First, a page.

The USDA, historically known for supporting the meat and dairy industries via billion-dollar subsidies, recently ditched the antiquated food pyramid and replaced it with a food plate, which recommends that people eat less animal products, and more food from plants in order to promote wellness. It's no surprise considering the state of our nation's health. Approximately 12.7 million kids and 78.6 million adults in the U.S. are obese. Not just overweight, but obese. Much of this excess weight is caused by gorging on a daily spread of saturated fat–filled, cholesterol-laden animal products. Folks have been suckered in for decades by manipulative and misleading ads that bombard our TVs, billboards, radio stations, Internet, grocery stores, fast-food joints, and magazines at each and every turn. Diabetes, cardiovascular disease, hypertension, and many cancers also flourish with our SAD diet, but all of these killers can be reduced and often reversed by eating a whole foods plant-based diet.

And if avoiding an environmental catastrophe, or preventing an early trip to your final resting place isn't enough impetus to go vegan, compassion most certainly is. The most comfortable pillow is that of a clear conscience. We can live a happy, healthy life without causing harm to others. And there's certainly nothing humane about needlessly taking the life away from someone who doesn't want to die. The knife in the open meadow is just as sharp as the blade on the factory farm. Other animals feel pain and love just as people do. As extra incentive, researchers are now finding that being compassionate doesn't just improve the lives of others; it helps our own well-being, too. The secret to lasting happiness doesn't lie in the things we buy or achieve, but rather in what we give of ourselves, quite simply: the gifts of time, love, and thoughtfulness. Caring about others distracts us from intense self-focus. When we think of the suffering of animals and strive to help them, it puts our bad day in traffic or long wait at the post office into perspective. When we focus on living a life in a way that eases the pain of others, we become energized and our attention is diverted to helping those in need, rather than festering on the little thorns in our side.

Everyone needs a source of inspiration when they embark on a life goal, and going vegan is no exception. In this chapter, you need to identify who, or what, will light that fire and keep you moving forward even when you want to abandon ship. Maybe it's a famous environmental activist who, against all odds, prevailed in their goal to create a better world, such as Julia Butterfly Hill. Julia lived in a 1,500 year-old, 180-foot redwood tree named "Luna" for over two years so that loggers wouldn't chop it down. Two years in the tree, to save the tree! Sure makes chowing down on a juicy marinated portobello burger to spare a cow seem rather easy in comparison. Or perhaps a vegan celebrity, such as Mayim Bialik aka "Amy" from The Big Bang Theory, can inspire you. Did you know that the blueberry pies in Season 6's hysterical pie-eating contest are all vegan? Or perhaps strong and steadfast vegan, TV journalist Jane Velez-Mitchell, who knows peace for the world starts "on your plate." Or maybe funny guy Steve-O floats your boat. He's one fearless vegan! And there's the incredibly fit world champion ice-skater, Meagan Duhamel. Did you know she wears non-leather ice skates, too?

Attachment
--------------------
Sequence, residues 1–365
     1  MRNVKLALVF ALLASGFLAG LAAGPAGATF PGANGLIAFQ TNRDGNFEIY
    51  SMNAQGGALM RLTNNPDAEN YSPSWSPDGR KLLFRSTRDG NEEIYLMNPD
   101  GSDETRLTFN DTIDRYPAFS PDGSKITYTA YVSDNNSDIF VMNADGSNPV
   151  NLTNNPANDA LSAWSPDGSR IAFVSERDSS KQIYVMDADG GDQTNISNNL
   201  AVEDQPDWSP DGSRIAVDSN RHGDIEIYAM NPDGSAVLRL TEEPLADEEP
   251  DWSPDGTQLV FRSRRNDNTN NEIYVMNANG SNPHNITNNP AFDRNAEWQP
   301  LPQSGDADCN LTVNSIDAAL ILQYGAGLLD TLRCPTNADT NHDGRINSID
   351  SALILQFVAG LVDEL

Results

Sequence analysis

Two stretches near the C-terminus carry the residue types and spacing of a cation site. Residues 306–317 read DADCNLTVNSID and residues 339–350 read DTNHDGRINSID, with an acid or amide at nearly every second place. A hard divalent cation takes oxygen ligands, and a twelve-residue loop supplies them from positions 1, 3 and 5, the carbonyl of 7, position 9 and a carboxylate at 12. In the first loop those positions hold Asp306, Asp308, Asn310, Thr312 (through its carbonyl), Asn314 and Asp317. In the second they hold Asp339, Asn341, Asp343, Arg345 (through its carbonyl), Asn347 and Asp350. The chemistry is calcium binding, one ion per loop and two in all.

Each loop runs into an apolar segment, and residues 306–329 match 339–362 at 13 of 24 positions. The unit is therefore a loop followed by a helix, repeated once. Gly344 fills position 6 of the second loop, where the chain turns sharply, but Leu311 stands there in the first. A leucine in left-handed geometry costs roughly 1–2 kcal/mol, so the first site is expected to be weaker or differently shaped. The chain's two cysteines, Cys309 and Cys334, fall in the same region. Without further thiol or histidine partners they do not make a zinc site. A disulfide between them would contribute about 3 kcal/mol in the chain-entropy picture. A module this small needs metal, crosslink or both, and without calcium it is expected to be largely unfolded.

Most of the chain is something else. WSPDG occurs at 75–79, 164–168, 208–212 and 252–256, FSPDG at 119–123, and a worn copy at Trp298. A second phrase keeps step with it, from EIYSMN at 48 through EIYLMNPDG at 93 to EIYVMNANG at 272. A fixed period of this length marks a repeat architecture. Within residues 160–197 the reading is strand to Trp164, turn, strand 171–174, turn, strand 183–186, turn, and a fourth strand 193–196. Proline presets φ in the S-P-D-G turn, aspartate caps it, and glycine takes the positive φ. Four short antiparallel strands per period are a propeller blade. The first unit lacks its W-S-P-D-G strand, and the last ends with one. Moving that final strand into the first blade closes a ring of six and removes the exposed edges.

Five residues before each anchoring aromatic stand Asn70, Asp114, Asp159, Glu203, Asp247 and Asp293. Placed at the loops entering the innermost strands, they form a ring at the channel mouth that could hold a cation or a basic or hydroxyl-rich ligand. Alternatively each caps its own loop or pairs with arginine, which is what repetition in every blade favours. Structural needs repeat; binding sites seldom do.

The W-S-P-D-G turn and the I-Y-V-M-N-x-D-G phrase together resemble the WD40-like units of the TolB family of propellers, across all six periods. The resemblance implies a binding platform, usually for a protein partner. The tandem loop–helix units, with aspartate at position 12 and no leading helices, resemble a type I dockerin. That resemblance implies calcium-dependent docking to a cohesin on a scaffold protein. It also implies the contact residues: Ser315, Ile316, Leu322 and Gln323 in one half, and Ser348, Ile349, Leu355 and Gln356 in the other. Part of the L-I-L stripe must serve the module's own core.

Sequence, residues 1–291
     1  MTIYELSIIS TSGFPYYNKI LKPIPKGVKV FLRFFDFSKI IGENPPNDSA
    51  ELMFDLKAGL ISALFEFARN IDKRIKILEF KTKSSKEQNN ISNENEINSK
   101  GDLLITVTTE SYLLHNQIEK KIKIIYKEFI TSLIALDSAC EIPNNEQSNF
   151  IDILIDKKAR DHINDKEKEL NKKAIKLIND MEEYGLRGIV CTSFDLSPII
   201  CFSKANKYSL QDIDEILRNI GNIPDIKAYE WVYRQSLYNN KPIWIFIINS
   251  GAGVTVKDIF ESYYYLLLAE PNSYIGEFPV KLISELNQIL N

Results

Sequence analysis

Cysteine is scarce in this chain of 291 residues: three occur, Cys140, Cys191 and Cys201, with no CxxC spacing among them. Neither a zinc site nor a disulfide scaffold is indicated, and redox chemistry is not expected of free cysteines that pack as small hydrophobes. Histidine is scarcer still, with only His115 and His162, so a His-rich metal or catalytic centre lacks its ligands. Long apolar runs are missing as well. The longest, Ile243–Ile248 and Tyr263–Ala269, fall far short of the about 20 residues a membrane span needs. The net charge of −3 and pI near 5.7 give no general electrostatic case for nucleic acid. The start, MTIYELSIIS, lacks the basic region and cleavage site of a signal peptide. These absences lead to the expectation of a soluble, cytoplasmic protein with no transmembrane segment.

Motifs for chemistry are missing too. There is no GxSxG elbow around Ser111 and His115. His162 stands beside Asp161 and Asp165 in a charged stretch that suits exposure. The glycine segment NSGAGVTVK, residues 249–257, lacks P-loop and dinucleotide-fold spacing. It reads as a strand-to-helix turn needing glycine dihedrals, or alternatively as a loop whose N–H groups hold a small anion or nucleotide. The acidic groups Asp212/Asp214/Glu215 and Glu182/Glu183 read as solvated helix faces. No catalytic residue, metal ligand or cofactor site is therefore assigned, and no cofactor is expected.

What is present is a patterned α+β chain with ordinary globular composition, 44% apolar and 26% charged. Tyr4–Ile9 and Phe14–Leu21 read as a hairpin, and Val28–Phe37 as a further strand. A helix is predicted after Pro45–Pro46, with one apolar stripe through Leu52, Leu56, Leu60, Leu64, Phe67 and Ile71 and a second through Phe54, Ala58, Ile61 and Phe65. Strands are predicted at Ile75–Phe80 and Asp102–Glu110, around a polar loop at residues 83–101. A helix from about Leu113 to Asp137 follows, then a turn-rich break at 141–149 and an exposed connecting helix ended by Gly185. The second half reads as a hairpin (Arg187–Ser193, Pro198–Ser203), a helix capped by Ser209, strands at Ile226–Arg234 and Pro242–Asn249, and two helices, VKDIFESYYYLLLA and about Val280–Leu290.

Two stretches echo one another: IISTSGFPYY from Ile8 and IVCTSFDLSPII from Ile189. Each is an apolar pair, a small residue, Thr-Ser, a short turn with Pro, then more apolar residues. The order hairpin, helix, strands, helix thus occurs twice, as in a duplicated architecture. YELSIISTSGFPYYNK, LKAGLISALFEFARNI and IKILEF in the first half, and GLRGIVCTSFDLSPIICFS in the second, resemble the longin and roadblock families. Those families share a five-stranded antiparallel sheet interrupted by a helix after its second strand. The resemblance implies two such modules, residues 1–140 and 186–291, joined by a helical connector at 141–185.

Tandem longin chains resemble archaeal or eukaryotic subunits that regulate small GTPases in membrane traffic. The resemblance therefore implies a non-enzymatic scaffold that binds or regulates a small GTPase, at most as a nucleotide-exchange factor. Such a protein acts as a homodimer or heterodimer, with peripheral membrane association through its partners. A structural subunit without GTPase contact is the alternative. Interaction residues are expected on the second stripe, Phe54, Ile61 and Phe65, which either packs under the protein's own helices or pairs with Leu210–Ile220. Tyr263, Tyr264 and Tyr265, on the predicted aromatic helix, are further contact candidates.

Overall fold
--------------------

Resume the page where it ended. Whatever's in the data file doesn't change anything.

Perhaps someone closer to home provides that drive, a special loved one who is already vegan, or someone who you want to stay healthy for (although your good health might be motivation enough by itself!). Or maybe someone you're dating can inspire you. I remember years ago, when I was studying for the Law School Admissions Test, I was dating a supersmart law student named Kenny, who my friend referred to as "out of my league," because he was "JFK, Jr. hot!" I was such a procrastinator and wiggle worm when it came to studying, and then I got to thinking, "What would Kenny do? He'd study!" And that became my mantra; I put it everywhere! I had a big sign taped to the inside of my front door that said, "What would Kenny do?" so I wouldn't keep running out to the coffee shop, a "What would Kenny do?" sticky note on my computer so I wouldn't surf the Internet, and a "What would Kenny do?" on the fridge and bathroom mirror so I wouldn't dillydally! And you know what? It worked. I aced the exam! As for Kenny, he just up and quit being a powerhouse attorney last month, sold all his belongings, moved to Brooklyn and bought a bar. That's what Kenny did! I'm not doing that.

Need help finding your muse? That's the first item up to bat. Don't worry, we'll be talking food and fun in no time; we just have to fill up with a bowl of vegan brain food first. Trust me — it will help make your journey easier, so take a look at the menu and pick whatever sounds good to you. Ready? Let's do this....

1. Find your inspiration: Here are five sources of inspiration that will put a little pep in your first vegan step. Pick those that sound good to you and jot them down. Here we go!